For our third annual literary-loving list, our staffers have rounded up the best in fiction, nonfiction, and memoir. Whether you’re looking for something light or a story with a lot of depth, we’ve got a summer book for lazy days on the porch, lounging on the beach or by the pool, flying or riding the train to far-flung locales, or winding down at night before you go to sleep. Don’t forget to tell us in the comments which books you’re reading this summer!
Dad Is Fat by Jim Gaffigan
If you, like many of our staffers, prefer a good laugh while lounging by the pool or the sea, tuck stand-up comic Gaffigan’s latest book into your tote bag. A combination memoir and cry for help, Dad Is Fat will keep you—especially those of you with little bundles of joy at home—cracking up even when you feel like crying. Consider this excerpt:
I am your dad. The father of all five of you pale creatures. Given how attractive and fertile your mother is, there may be more of you by the time you read this book. If you are reading this, I am probably dead. I would assume this because I can honestly foresee no other situation where you’d be interested in anything I’ve done. Right now, you are actually more interested in preventing me from doing things like working, sleeping, and smiling. I’m kidding, of course. Kind of. I love you with all of my heart, but you are probably the reason I’m dead.
Where’d You Go Bernadette by Maria Semple
Novelist Maria Semple isn’t a comedian, but that didn’t stop her from writing one of the funniest books we’ve read in years. Told through everything from e-mails and letters to FBI documents, school fund-raising materials, and emergency room bills—which delightfully skewer private schools, traditional ideas of family, and crunchy Seattle living—Where’d You Go Bernadette chronicles the story of is-she-or-isn’t-she-crazy genius architect Bernadette Fox. When Bernadette pulls a disappearing act, it’s up to her whip-smart 15-year-old daughter, Bee; her disbelieving husband, Elgin; and a rotating cast of memorable extras to unravel the mystery.
#GIRLBOSS by Sophia Amoruso
While the staffer who first recommended this book somewhat sheepishly noted, “I promise I read real books, too,” we have to admit that we’re fascinated with the story of Amoruso, the former petty criminal and Dumpster-diver who turned her love of vintage clothes into a booming eBay business and later into the $100-million-plus-grossing online fashion retailer Nasty Gal. The behind-the-scenes dish makes for a great beach read, and Amoruso’s alternately brassy and witty declarations are a breath of fresh air in an industry that often takes itself too seriously.
How the Light Gets In: A Chief Inspector Gamache Novel by Louise Penny
With the holidays approaching, homicide detective Armand Gamache has many reasons to feel a bit blue: his top agents have left his department, he’s no longer on speaking terms with one of his best friends, and enemies seem to be plotting against him. A mysterious phone call about an old friend who’s gone missing pulls Gamache out of his funk and into what he does best: solve crimes. And just in case you need a little pot sweetening, our staffer adds, “The detective loves food, so there are all these great descriptions of meals.” Start reading this and Canadian novelist Penny’s other Inspector Gamache novels now, just in time for the August release of her upcoming book, The Long Way Home.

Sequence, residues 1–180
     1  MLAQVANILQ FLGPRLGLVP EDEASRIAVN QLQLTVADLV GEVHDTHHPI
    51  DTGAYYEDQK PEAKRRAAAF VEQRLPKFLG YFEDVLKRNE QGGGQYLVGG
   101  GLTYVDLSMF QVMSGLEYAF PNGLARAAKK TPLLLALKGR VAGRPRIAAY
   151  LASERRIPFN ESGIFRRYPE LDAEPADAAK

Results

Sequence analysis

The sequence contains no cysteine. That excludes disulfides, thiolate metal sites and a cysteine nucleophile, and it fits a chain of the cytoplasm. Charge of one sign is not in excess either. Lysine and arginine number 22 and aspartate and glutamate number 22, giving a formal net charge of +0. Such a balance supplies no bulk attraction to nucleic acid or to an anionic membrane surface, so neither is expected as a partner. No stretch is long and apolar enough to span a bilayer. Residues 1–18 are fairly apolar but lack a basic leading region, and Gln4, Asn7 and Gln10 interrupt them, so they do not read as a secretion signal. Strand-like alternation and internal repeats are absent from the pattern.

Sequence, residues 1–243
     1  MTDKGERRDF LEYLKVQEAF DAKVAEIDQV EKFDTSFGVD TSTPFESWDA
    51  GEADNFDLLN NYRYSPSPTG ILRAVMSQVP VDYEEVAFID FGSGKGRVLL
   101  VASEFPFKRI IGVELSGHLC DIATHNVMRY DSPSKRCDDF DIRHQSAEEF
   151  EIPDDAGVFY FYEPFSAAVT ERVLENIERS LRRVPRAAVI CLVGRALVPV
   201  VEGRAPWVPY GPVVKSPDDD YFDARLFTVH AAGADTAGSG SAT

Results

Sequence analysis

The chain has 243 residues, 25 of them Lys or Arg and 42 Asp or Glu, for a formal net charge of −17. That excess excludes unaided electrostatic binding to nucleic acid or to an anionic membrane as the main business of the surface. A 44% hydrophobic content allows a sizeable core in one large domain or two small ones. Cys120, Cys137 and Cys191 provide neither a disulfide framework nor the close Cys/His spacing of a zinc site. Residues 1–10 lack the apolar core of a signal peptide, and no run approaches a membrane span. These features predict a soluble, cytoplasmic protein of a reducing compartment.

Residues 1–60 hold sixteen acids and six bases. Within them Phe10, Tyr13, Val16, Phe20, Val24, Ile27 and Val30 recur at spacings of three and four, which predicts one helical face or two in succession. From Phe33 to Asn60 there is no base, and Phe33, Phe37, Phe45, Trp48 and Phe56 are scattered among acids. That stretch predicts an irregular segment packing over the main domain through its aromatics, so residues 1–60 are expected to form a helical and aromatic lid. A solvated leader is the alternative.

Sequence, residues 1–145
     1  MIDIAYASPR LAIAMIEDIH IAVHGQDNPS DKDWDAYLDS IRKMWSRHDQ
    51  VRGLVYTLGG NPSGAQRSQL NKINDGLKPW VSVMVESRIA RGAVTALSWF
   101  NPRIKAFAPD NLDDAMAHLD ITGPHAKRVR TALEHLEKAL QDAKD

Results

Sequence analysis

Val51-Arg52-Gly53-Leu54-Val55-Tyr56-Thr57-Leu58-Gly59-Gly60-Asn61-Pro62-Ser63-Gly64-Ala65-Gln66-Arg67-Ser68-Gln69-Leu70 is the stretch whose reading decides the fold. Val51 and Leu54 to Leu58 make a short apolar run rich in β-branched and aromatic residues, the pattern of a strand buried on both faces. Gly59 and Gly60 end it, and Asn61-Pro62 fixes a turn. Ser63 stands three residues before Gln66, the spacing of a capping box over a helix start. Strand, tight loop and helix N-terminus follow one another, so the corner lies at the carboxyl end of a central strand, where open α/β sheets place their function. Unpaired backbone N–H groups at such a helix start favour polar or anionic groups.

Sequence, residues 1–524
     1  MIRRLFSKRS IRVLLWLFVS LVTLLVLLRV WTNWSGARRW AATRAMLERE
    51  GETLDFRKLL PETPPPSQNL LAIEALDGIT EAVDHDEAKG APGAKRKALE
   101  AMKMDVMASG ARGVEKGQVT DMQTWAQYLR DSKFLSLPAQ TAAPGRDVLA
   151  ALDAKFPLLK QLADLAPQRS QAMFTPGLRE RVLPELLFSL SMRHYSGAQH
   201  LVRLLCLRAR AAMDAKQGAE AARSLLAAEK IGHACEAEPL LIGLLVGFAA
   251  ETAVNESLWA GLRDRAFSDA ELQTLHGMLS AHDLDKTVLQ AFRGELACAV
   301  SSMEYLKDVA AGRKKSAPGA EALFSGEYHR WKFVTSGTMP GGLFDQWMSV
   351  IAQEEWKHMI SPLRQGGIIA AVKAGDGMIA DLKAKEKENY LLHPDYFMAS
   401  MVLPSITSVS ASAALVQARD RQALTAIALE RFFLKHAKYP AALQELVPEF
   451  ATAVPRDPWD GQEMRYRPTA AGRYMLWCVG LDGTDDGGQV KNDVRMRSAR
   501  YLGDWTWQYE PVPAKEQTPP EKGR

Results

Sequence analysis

Quiet: The Power of Introverts in a World That Can’t Stop Talking by Susan Cain
If you’re one of the estimated 50 percent of the population who thrives on, among other things, quiet time, reflection, and independent problem solving, get a copy of Cain’s book, stat. The former corporate lawyer uncovers the roots of the Western bias against introverts; the secret shame they often feel for not being like their flashier, outgoing, networking-loving extroverted counterparts; and their true power in the business and creative spheres. Need more convincing? Cain profiles some of the most influential minds in history—from Albert Einstein to Mahatma Gandhi, Eleanor Roosevelt, Rosa Parks, and Steve Jobs—all of whom are introverts. A must-read for parents, teachers, and managers everywhere.
Tiny Beautiful Things by Cheryl Strayed
Best known for her Oprah-annointed memoir Wild, Tiny Beautiful Things is a compilation of Strayed’s Dear Sugar advice column from the literary blog The Rumpus. Our staffer says, “Strayed is equal parts stern mother and consoling best friend, guiding her readers through complex life crises, decisions, and transitions. She brings in her own life experiences to enlighten readers’ own problems, adding an air of authenticity to a genre that is often contrived. These are real- life problems that almost everyone can relate to—family, death, relationships, sexuality, friendships.”